The Red Cross launched an emergency appeal Tuesday for $3.9 million Swiss francs ($3.8 million) as the survivors of Cyclone Pam in Vanuatu are desperate for food, water and shelter. The Red Cross is among the relief organizations in the region scrambling to prevent the starvation and spread of disease that typically follow storm disasters.
A lack of access, as airstrips and harbors have been torn up by the cyclone, has only made aid efforts harder.
"We are extremely concerned for the safety and well-being of many communities affected by the cyclone, particularly in the more remote regions of the country that are only accessible by boat," said Aurélia Balpe, regional head of the International Federation of Red Cross and Red Crescent Societies (IFRC), according to Reuters.
Supplies desperately needed include food, water purification tablets, medical supplies, kitchen sets, blankets and tarpaulins. Survivors were reported to be scavenging and foraging for food even as stores remained open selling canned goods -- because many simply could not afford them. Desperate people also were reported to be drinking saltwater, which is harmful to one’s health. Without proper sanitation and clean water, disease can spread easily, said Oxfam country director Colin Collett van Rooyen, according to Agence France-Presse.
Australia, a longtime aid provider to Vanuatu, has played a big role in relief efforts to its neighbor 1,250 miles away. Besides dispatching eight planes to deliver personnel and supplies, Australia has also sent an emergency response ship capable of making beach landings to islands without airstrips or docking facilities. Oxfam Australia has launched a fundraiser, with 90 percent of the amount raised going into emergency response. Unicef in Australia also said Monday it needed $3.9 million for maternal and child health, nutrition, safety, schooling and recovery for the 60,000 children estimated to be in need of immediate assistance.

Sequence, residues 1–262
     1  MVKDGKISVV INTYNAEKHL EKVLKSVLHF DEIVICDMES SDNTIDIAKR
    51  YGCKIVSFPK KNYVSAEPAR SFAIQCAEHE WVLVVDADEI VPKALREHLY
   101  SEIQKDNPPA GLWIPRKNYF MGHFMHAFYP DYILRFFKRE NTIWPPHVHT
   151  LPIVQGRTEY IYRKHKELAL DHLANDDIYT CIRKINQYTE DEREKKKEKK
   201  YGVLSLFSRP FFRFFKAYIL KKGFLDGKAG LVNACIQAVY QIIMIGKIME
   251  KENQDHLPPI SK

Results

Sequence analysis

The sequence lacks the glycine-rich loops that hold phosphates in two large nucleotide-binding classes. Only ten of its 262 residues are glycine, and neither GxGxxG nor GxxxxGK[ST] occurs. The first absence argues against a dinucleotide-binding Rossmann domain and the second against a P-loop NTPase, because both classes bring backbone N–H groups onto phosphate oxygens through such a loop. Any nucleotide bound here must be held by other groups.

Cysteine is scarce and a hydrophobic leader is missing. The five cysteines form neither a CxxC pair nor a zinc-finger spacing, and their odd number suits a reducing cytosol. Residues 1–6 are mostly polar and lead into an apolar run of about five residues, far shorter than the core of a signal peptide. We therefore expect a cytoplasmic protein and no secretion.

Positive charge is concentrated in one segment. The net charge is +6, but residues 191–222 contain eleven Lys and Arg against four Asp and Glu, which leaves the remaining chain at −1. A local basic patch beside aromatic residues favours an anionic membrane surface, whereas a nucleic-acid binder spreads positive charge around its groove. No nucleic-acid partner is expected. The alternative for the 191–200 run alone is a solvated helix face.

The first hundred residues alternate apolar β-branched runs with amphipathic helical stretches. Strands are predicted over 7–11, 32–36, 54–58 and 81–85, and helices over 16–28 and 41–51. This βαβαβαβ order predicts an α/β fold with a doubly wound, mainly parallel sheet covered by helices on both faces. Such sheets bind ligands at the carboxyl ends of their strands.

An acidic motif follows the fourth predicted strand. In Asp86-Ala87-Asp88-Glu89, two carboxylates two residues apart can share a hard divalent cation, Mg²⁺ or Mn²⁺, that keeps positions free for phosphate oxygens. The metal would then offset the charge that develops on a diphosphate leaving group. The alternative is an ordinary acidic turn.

A charities watchdog, the Australian Charities and Not-for-Profit Commission, has noticed that scammers have set up social media accounts under the name of well-known Australian charities, with some even linking to a phony donation app. “Australians are renowned for their generosity, donating billions of dollars to charity every year,” Commissioner Susan Pascoe said, according to News Corp. “Unfortunately, there are scammers prepared to take advantage of the public’s generous nature. By giving to a registered charity, people can protect themselves and their donations.”
The United Nations said Tuesday that the official death toll so far was 11, revised down from the original 24. However, over 80 percent of houses and buildings have been partially or completely destroyed, and 3,300 people have been left homeless so far. The government estimated that 130,000 people, or nearly half of the country’s population of 267,000, have been affected by the shortage of food, water and supplies. Officials anticipate the number of casualties and displaced people to rise once they are able to access Vanuatu’s outer islands, but the majority of the country’s six provinces were flooded and inaccessible. Communication was also patchy across the country, the IFRC said, according to Reuters.
Cyclone Pam hit Vanuatu over the weekend with winds reaching up to 185 mph. The strength of the storm has been compared to Typhoon Haiyan, which killed more than 6,000 people in the Philippines in 2013.
"We will need all the help we can get in the coming weeks and months," said Jacqueline de Gaillande, chief executive of Red Cross Vanuatu, according to Reuters. "And we need it urgently. People are desperate for water, food and safe shelter, and time is of the essence."